Yesterday’s visit to the Gallery Underground was most productive while traveling along the walls as if in a canoe on a stream observing nature. Then, the flow was disrupted by a display case on which one shelf was filled with hippos. Yes, pottery hippos in various colors of glazes were assembled like a pod.
Trinka Roeckelein produced the little hippos.
“I am a sculptor working in clay to create both indoor and outdoor pieces, most of which contain an interpretation of a human or animal form. Occasionally I add a symbol derived from myth or a snippet of my subconscious to complete the sculpture. The inspiration for my most recent body of work, Safari in Clay, comes from several trips to Botswana.”
One thing leads to another as LeAnn Kalita once produced a painting of Trinka that also appears in the slideshow.
“LeAnn Kalita’s vibrant watercolors, elegant oils, and luscious acrylics reflect her passionate approach to art.
She is not a “quiet” painter – she uses color and paint lavishly, achieving her vivid luminescent hues by glazing numerous layers until she achieves her desired effect. This produces paintings that glow from within, containing their own light.”
Anyway, the hippos caught this artist and reviewer's attention because I have been creating a symphony orchestra in which various animals are auditioning for seats. They come into the studio and play their instruments as a tryout. I post the images on Facebook to get reactions like on the X-Factor. Then, the audience helps decide who will be in the orchestra. Hippos are in the clarinet section. Just don't rock the boat.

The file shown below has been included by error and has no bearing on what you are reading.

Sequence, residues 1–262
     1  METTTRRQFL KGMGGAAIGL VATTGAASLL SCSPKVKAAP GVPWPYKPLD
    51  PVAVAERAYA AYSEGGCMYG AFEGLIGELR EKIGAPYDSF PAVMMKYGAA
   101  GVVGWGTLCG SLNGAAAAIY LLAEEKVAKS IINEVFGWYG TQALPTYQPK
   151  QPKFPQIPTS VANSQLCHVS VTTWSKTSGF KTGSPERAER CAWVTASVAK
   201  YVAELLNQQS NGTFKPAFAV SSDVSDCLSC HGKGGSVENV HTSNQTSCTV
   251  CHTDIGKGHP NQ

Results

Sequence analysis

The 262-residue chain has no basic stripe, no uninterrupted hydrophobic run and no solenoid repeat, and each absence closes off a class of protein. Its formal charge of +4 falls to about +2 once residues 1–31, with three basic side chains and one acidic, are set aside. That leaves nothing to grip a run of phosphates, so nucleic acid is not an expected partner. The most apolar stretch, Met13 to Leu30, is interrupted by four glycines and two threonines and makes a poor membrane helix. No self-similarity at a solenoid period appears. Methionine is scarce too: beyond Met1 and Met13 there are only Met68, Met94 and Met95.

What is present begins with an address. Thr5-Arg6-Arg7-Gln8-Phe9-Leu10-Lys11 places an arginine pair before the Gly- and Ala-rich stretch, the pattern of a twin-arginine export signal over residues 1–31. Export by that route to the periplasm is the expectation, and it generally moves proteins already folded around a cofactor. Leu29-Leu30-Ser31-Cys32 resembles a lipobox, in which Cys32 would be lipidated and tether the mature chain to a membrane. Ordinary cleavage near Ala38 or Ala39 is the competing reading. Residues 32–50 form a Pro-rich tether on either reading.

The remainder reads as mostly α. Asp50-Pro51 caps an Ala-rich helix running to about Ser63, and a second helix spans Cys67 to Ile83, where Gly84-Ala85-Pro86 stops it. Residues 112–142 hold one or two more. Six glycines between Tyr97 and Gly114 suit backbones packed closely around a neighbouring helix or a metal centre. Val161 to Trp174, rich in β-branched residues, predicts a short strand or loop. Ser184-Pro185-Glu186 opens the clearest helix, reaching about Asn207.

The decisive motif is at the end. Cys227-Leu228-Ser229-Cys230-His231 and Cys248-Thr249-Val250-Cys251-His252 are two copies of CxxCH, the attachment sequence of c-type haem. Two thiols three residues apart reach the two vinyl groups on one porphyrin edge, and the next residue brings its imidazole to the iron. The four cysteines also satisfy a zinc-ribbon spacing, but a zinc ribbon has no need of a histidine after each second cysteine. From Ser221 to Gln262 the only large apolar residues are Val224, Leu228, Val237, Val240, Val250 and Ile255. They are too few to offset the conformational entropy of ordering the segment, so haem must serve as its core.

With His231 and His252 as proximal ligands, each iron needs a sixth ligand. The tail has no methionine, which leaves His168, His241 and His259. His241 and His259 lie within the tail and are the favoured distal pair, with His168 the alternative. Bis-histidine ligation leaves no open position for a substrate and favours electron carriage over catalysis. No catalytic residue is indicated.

Hippos have long been the subject of artists as they have shown up in ancient tombs. Here is a link to the Met New York collection.
“This well-formed statuette of a hippopotamus (popularly called "William") demonstrates the Egyptian artist's appreciation for the natural world. It was molded in faience, a ceramic material made of ground quartz. Beneath the blue-green glaze, the body was painted with the outlines of river plants, symbolizing the marshes in which the animal lived.
The seemingly benign appearance that this figurine presents is deceptive. To the ancient Egyptians, the hippopotamus was one of the most dangerous animals in their world. The huge creatures were a hazard for small fishing boats and other rivercraft. The beast might also be encountered on the waterways in the journey to the afterlife. As such, the hippopotamus was a force of nature that needed to be propitiated and controlled, both in this life and the next. This example was one of a pair found in a shaft associated with the tomb chapel of the steward Senbi II at Meir, an Upper Egyptian site about thirty miles south of modern Asyut.”
PS: Anya Getter reminded me, "I am all about hippos."
Added a photo of Anya's children clothing.